A few of my letter-loving friends read The Missing Ink: The Lost Art of Handwriting, so I decided to give this short book a go. I have to thank Hensher for his humorous tone in his book. This is a subject that could very easily be a complete bore to read, but his funny footnotes and quips made this short book easy to read. Despite his light tone, I was happy to finish this book.
The only bits I found worth reading were the introduction, the chapter about the evolution of the pen nib, and the conclusion. The other chapters felt a bit forced, much like filler. Hensher includes interludes between some chapters called "witness," which are interviews with people able how they learn writing and similar topics. The "Witness" sections threw me off a bit and I ended-up skipping them toward the end of the book.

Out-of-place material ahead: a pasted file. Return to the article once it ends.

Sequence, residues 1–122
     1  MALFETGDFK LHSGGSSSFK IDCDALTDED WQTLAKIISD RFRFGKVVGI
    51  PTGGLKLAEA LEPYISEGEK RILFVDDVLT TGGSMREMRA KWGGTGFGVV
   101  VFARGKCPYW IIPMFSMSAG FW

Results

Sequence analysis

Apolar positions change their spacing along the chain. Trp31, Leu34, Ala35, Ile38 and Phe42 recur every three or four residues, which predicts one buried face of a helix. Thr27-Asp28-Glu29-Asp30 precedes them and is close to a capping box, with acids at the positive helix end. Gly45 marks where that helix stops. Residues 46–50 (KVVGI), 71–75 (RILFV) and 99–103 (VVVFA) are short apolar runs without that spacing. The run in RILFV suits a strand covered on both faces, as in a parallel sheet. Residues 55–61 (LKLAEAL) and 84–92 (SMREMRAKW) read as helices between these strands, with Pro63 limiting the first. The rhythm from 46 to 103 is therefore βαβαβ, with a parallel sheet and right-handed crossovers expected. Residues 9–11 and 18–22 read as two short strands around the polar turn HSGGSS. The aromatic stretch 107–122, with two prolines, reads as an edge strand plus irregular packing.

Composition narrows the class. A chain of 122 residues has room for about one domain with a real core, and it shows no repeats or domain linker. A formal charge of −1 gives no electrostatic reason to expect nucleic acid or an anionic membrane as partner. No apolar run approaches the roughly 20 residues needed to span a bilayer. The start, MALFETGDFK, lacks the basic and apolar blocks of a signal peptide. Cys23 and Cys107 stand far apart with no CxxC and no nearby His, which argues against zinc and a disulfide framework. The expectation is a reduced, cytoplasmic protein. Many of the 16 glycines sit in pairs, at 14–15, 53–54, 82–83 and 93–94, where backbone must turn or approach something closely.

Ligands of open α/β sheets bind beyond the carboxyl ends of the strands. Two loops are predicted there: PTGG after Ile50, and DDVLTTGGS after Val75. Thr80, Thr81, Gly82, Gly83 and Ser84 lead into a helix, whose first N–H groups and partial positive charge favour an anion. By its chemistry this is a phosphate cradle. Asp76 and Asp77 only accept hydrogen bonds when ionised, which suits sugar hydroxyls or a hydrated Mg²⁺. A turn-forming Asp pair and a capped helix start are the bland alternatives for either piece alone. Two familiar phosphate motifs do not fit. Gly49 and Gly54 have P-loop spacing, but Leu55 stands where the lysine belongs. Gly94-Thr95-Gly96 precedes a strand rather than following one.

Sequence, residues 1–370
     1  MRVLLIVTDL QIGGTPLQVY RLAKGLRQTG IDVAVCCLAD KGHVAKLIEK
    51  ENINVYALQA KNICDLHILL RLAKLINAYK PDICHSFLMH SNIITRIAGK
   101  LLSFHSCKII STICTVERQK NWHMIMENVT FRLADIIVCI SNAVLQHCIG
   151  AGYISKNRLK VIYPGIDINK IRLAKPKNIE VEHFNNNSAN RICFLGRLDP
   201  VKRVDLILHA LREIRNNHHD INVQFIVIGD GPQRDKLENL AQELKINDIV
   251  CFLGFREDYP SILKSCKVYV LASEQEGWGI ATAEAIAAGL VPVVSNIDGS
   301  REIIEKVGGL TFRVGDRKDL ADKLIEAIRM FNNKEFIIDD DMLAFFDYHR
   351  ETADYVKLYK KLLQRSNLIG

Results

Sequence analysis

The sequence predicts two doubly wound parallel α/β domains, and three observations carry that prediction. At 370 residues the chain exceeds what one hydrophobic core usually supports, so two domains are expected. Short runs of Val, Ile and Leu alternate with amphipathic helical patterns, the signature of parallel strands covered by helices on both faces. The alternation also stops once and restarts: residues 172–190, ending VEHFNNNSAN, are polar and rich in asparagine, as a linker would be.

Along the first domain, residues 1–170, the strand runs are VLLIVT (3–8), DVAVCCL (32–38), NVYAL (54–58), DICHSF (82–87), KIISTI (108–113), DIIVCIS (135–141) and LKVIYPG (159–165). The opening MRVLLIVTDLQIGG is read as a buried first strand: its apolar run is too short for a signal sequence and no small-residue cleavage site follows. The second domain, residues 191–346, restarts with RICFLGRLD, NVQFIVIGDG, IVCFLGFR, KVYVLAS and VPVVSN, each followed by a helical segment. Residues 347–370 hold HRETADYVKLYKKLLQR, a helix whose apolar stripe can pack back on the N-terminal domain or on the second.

The interviews in the "Witness" parts were just snippets of a full conversation, which would be fine if Hensher gave us any context to the conversation and did not remove some of the interviewers prompts. Any information that may help one differentiate multiple speakers was given at the end. This manner of presenting the interviews stripped the speakers of any personality which left me not caring a pip about their thoughts. If he included a sample of their handwriting, so the reader could at least see what they were talking about (and perhaps have a glimpse into their personalities), this would have vastly improved the "Witness" interludes between the chapters. This book wavers between 2.5 to 3 stars for me, but I am glad I read it